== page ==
An opera of invisible labour: Anuradha Kapur on ‘Daughters’


NEW DELHI: This may be the first time Anuradha Kapur is venturing into this space, but then navigating the unexplored has never been a new territory for her. Kapur talks about the importance of exploring what is novel without any preconceived notions of the end result.

“It opens up several internal spaces inside, isn’t that what is most important?”

As Sangeet Natak Akademi award winning theatre director Anuradha Kapur, whose latest production ‘Daughters’, an opera gets set to be staged in Delhi from January 3 to 5, takes a break from the rehearsals at the Black Box in Okhla, she makes it clear at the onset that the effort should be seen as collaborative in its essence.

“My name may be there as the director, but what will be presented is in fact a coming together of many minds and interpretations. In some senses, there may be division of the work, but ‘Daughters’ is completely collaborative, and that’s what we wanted. In this work, everyone’s process leaks into each other and there are no hierarchies, making the effort not only unique but also extremely interesting,” says the former Director of National School of Drama (NSD).

A contemporary performance work created by Indian, Australian, Portuguese, British and Chilean artists, the all-female cast of eDaughters’ address everyday gender violence through the form of Portuguese Fado music and live experimental electronics.

With libretto written by Tammy Brennan, music composed by David Chisholm, scenography by Deepan Sivaraman, Movement language and Choreography by Victoria Hunt, the director stresses that the real challenge was how to present violence without actually etalking’ only about it.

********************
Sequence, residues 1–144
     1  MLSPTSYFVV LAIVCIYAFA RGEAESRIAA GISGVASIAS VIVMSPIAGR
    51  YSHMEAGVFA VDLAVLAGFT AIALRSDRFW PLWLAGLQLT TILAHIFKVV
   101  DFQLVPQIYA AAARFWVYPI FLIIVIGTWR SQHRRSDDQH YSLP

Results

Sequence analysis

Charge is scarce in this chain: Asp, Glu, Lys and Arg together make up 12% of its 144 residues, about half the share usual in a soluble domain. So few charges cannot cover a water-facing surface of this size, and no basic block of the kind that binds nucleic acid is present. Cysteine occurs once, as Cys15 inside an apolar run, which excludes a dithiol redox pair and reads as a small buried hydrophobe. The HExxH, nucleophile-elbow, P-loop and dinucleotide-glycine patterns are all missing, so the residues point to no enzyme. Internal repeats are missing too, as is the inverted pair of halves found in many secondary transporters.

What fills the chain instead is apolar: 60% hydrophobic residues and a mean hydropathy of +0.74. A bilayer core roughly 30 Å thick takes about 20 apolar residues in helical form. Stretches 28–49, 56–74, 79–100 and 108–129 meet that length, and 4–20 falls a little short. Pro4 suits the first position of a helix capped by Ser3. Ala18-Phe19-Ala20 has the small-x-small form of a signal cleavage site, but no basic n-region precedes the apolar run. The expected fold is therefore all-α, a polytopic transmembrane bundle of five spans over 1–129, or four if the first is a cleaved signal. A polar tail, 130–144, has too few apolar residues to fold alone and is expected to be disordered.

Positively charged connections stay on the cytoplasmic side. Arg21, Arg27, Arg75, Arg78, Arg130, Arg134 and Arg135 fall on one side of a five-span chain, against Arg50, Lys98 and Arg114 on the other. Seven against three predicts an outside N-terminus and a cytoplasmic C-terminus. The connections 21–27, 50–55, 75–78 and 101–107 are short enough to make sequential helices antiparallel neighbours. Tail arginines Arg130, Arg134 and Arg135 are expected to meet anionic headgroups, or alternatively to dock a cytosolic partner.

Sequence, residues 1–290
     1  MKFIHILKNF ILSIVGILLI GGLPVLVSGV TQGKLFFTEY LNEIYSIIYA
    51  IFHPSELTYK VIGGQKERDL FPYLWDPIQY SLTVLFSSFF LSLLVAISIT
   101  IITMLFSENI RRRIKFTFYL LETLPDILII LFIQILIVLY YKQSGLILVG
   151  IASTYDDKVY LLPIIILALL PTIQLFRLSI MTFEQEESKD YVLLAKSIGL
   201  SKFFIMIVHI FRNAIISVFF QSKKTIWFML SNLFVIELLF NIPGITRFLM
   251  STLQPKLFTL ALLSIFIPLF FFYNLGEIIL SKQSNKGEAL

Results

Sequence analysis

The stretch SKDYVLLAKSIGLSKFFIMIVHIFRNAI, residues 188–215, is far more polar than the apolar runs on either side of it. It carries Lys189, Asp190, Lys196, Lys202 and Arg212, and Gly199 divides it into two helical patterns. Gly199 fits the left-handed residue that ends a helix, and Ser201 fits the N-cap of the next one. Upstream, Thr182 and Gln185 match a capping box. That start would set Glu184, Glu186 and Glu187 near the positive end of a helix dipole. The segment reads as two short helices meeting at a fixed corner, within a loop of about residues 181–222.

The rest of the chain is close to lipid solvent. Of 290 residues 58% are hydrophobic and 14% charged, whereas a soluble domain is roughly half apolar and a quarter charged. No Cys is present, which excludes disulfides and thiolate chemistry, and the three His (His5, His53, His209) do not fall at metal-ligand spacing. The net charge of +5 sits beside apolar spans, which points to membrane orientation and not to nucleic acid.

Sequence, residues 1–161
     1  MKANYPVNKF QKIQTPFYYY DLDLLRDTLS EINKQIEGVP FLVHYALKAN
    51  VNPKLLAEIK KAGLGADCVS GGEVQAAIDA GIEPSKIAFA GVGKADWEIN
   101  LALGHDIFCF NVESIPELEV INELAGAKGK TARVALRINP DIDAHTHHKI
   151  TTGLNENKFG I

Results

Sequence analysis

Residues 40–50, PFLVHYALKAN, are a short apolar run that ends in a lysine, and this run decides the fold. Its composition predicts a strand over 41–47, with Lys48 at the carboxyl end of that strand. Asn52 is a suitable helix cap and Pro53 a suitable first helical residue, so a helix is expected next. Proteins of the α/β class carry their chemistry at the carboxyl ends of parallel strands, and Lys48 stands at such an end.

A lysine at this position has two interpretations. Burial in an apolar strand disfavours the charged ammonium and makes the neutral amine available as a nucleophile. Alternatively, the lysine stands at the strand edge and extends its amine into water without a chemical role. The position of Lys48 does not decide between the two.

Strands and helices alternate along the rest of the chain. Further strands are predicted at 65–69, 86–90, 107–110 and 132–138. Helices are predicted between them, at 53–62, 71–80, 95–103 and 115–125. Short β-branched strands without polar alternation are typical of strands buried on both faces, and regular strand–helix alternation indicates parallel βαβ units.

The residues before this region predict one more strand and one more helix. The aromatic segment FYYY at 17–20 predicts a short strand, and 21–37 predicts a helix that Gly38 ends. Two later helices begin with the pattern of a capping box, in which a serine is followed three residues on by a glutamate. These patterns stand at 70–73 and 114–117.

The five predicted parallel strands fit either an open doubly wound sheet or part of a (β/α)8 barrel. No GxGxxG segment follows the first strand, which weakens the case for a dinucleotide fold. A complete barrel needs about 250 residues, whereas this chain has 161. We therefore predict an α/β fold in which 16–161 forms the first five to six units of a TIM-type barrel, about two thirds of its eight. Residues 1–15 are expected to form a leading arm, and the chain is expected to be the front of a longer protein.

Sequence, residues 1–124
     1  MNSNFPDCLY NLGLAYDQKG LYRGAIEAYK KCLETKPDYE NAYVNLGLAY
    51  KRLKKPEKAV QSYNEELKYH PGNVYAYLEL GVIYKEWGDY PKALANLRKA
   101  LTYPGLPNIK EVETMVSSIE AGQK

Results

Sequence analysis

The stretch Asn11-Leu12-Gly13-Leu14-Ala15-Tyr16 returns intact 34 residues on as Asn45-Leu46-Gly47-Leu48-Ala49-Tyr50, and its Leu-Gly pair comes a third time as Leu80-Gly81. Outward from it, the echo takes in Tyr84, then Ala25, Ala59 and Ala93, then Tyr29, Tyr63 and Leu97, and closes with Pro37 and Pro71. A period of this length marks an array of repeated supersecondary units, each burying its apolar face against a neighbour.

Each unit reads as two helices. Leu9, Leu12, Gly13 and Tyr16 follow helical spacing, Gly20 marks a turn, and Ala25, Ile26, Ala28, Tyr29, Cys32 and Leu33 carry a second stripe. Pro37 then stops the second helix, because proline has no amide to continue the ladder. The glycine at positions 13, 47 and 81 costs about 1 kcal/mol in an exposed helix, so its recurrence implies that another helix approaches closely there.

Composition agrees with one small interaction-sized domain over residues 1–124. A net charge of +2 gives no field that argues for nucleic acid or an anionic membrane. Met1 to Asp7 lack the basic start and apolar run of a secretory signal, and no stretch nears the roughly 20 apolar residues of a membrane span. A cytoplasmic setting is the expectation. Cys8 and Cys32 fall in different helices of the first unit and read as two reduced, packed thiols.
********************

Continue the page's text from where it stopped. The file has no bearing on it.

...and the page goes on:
“We do this by pointing towards the unparalled labour women do. It has a lot of present connections. So many efforts are made to invisibilising the woman and her labour. In fact, there is one sequence in the opera — women in the absolutely packed local train and cutting vegetables while commuting. It’s basically trying to make a connection between the everyday of the woman and the way life runs for her,” adds Kapur, a 2016-2017 Fellow at Freie Universitat, Berlin.

While the text was written in 2013, the music was composed in the year 2017 and the team has been meeting regularly since then.

While the actors are Indian, the opera singer is from Australia. “She has come prepared with the music. Now, our job is integration, but in a way that the end product doesn’t look like stitching but a form.”

Kapur says that she had been interested in the form of opera for a long time now. “I like the fact that this is a long-term project.”

Known for her interdisciplinary approach towards the arts, Kapur, who has in the past collaborated with several major visual artists including Arpita Singh, Bhupen Khakhar, Vivan Sundaram, Nalini Malani and Nilima Sheikh, insists that the most interesting aspect of such exercises is the difficulty of making it. “You must go through improvisation, you must change till the very end. It needs to be ascertained that a constant dialogue between forms exists at all times. It is only then that something truly unique emerges.”

Citing the example of Kochi Biennale and Serendipity Arts Festival, which have successfully incorporated an interdisciplinary approach, ascertaining that visitors get to see not just art but also theatre, films and performances there, she says, “The need of the hour is to blur boundaries.

‘Categorization’ is only a notion. In my experience, I have seen that people come to things and accept different kinds of experiences, even if just for a novelty. We must test out our urges without the preconceived notion of ‘this won’t work’. Whenever boundaries have been blurred – there is an interest – what is this?’ Of course you can also say that I don’t understand, and that this doesn’t work – but so what?” says the director who will be directing Mahesh Elkunchwar’s ‘Sonata’ in coming months.

While small-town India may be witnessing an increase in number of intimate film festivals, Kapur feels that in order to ensure that theatre festivals too make a mark in Tier 2 cities, the government and local administration must come forward. “A theatre fest will require an elaborate organizational spread – logistics, people to stay and sets etc. The local administrations need to not only support but also push for them.” IANSlife